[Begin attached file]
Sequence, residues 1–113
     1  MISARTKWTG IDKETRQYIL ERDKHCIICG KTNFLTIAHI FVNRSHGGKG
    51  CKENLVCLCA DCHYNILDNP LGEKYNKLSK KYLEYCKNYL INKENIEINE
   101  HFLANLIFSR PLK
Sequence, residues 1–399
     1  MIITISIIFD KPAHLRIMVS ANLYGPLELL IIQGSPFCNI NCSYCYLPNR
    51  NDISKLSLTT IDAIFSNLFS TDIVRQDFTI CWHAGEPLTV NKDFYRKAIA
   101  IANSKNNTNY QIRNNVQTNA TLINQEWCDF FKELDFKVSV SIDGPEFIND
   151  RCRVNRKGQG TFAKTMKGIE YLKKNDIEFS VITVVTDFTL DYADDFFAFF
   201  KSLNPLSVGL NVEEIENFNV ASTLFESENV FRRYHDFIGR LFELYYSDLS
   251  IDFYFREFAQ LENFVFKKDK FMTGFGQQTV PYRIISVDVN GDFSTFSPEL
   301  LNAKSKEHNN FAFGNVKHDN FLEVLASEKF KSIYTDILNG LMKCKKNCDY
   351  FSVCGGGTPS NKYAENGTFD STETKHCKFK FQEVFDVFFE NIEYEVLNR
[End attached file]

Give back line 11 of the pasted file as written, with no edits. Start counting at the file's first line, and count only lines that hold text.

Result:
   251  IDFYFREFAQ LENFVFKKDK FMTGFGQQTV PYRIISVDVN GDFSTFSPEL